Florida 'Dreamers' worry Obama-era protection will disappear
Andrea Seabra imagined the worst if Donald Trump won: "I thought on the first day he would say, 'DACA is done' and send immigration officers to every house."
Trump had vowed to immediately rescind President Barack Obama's Deferred Action for Childhood Arrivals, a program that has spared hundreds of thousands of immigrants from deportation.
Six months into his term, though, the government continues to grant new applicants and make renewals. "I'm still here," said Seabra, who lives near St. Petersburg.
Trump has aggressively moved on enforcement, rounding up hard criminals and minor offenders alike, stirring emotional debates in cities and towns across the country. At the same time he has shown restraint toward the young immigrants who arrived by no fault of their own and have little or no recollection of their homelands.
But there is growing uncertainty and Trump may be forced to take a stand. A group of Republican state attorneys general have issued an ultimatum: End DACA by Sept. 5 or face a lawsuit contending, as Trump said during the campaign, that the program is "unconstitutional executive amnesty."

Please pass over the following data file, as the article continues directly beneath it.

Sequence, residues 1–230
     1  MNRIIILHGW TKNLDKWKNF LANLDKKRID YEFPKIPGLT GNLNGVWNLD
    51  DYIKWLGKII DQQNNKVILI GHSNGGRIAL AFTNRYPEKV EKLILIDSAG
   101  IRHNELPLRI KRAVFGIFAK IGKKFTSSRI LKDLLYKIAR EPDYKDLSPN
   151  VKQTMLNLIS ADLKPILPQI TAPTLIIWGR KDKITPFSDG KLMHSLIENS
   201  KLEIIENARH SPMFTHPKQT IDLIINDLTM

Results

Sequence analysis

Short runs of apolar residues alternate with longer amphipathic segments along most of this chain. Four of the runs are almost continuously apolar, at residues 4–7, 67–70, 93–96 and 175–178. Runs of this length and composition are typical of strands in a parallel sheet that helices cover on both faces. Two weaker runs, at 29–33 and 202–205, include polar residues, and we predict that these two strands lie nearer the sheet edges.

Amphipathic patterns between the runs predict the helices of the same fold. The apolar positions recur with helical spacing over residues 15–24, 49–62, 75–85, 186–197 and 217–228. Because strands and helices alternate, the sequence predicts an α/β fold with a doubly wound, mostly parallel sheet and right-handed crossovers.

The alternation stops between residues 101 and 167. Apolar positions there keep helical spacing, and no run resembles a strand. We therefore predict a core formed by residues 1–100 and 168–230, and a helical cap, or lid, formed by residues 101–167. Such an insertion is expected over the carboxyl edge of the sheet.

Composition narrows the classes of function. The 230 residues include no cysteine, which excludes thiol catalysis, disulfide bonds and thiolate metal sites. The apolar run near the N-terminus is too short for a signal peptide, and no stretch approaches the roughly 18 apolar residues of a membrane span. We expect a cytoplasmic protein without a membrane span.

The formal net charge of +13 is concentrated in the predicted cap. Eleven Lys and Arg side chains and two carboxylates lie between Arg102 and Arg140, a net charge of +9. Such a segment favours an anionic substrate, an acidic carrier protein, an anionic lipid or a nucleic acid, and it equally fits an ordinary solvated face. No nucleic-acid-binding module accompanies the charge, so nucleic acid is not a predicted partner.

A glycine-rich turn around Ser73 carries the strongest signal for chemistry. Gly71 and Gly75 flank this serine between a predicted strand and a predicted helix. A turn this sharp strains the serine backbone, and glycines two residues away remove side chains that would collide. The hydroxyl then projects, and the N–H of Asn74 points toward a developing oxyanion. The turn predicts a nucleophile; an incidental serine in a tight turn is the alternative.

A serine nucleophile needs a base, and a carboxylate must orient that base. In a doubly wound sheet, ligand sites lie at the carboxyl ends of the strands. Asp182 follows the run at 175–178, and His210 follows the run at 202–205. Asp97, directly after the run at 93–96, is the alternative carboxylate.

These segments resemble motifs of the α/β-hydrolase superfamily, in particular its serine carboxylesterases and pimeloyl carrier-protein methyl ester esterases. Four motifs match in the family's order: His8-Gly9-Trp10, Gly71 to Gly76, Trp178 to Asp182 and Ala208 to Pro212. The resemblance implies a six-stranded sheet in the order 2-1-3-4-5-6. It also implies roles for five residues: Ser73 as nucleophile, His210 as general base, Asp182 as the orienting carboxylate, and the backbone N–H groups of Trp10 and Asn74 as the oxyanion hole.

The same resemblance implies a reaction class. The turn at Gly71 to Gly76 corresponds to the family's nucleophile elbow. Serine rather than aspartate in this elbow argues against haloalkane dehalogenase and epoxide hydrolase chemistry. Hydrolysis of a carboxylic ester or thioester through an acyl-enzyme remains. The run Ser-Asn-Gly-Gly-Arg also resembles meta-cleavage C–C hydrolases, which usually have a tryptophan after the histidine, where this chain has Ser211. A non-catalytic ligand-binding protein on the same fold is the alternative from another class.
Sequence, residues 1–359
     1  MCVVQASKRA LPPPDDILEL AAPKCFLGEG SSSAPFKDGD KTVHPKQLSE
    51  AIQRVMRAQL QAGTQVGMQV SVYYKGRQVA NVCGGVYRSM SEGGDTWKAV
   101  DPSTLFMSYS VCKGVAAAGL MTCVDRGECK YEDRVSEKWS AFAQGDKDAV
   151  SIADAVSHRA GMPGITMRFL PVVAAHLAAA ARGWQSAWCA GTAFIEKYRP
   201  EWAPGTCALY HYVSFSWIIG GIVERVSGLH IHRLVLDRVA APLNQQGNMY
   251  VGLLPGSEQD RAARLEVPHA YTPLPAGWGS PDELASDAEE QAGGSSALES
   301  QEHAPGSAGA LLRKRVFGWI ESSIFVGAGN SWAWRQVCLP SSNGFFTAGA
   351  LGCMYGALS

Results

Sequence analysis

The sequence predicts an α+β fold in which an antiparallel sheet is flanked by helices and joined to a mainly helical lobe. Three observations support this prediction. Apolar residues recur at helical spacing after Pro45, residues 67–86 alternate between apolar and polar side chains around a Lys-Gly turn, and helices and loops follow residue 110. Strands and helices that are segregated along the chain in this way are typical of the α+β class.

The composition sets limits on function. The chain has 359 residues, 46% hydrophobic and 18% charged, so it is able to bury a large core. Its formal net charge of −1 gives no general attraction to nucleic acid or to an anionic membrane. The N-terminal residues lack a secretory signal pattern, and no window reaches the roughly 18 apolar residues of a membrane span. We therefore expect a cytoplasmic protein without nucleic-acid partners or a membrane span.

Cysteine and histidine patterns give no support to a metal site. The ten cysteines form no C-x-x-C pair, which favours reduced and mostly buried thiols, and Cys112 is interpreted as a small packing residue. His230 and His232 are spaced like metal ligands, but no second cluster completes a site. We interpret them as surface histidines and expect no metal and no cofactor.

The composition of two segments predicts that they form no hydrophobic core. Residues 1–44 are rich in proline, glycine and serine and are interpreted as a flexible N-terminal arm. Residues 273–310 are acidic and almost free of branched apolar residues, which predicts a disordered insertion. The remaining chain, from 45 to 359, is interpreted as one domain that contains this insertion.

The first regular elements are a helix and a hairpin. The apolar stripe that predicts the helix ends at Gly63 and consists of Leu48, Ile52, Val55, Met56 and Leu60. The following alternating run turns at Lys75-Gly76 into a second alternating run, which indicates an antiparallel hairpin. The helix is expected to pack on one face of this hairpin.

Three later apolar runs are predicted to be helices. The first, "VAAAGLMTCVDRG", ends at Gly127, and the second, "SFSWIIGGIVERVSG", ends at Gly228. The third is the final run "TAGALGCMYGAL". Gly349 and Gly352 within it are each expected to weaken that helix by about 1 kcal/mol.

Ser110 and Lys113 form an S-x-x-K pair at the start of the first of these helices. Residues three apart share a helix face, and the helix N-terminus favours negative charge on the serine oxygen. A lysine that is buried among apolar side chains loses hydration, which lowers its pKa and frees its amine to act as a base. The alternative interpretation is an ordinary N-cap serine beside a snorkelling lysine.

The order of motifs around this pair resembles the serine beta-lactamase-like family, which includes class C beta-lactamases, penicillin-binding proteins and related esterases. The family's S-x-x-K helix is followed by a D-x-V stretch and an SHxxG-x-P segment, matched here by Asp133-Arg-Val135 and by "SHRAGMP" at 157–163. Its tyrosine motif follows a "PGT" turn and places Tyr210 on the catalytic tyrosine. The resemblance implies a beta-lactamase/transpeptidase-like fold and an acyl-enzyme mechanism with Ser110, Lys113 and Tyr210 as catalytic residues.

Some lawmakers are working on a legislative remedy, but passage is unlikely with many conservatives in opposition and influential Republicans such as Florida Sen. Marco Rubio staying on the sidelines.
About 800,000 people, nearly 33,000 in Florida, have been granted work permits under DACA.
They have obtained driver's licenses and, in some cases, in-state college tuition. They are protected from deportation but their status is by no means permanent; DACA permits must be renewed every two years.
The situation facing Trump illustrates how campaign promises can be hard to keep, especially those with human consequences, not unlike the GOP's struggles over repealing the Affordable Care Act.
"It's a decision that's very, very hard to make," Trump said earlier this month. "There are two sides of a story. It's always tough."
For the young immigrants, commonly known as Dreamers, the euphoria they felt when DACA began in 2012 has given way to reservations many had when signing up: Some day, it could all vanish.
"It's scary and sad," said Seabra, 30, who came to Florida from Peru with her mother at age 11, overstaying a visa. She graduated cum laude from St. Leo University in 2016 and this spring she got a job at a major accounting firm.
"At the end of the day, I don't have legal status other than DACA," said Seabra. "I have friends who have been here since they were 2 months old, babies, and they don't know anything but the United States.
"I could lose my job because my work permit would be revoked, my driver's license would be revoked and I would live in fear of deportation. Everything I know could disappear."
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